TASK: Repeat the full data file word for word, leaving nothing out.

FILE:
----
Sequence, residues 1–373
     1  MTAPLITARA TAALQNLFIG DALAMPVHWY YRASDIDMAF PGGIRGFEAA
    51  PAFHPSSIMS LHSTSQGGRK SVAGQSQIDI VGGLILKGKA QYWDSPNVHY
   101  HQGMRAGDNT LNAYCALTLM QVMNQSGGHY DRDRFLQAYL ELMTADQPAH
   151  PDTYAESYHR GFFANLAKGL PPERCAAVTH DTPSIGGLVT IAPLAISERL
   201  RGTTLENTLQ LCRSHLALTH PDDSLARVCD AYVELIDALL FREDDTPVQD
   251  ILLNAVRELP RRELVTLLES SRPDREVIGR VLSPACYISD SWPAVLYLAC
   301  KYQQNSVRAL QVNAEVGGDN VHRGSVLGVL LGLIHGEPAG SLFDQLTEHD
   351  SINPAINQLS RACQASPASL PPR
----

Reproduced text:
Sequence, residues 1–373
     1  MTAPLITARA TAALQNLFIG DALAMPVHWY YRASDIDMAF PGGIRGFEAA
    51  PAFHPSSIMS LHSTSQGGRK SVAGQSQIDI VGGLILKGKA QYWDSPNVHY
   101  HQGMRAGDNT LNAYCALTLM QVMNQSGGHY DRDRFLQAYL ELMTADQPAH
   151  PDTYAESYHR GFFANLAKGL PPERCAAVTH DTPSIGGLVT IAPLAISERL
   201  RGTTLENTLQ LCRSHLALTH PDDSLARVCD AYVELIDALL FREDDTPVQD
   251  ILLNAVRELP RRELVTLLES SRPDREVIGR VLSPACYISD SWPAVLYLAC
   301  KYQQNSVRAL QVNAEVGGDN VHRGSVLGVL LGLIHGEPAG SLFDQLTEHD
   351  SINPAINQLS RACQASPASL PPR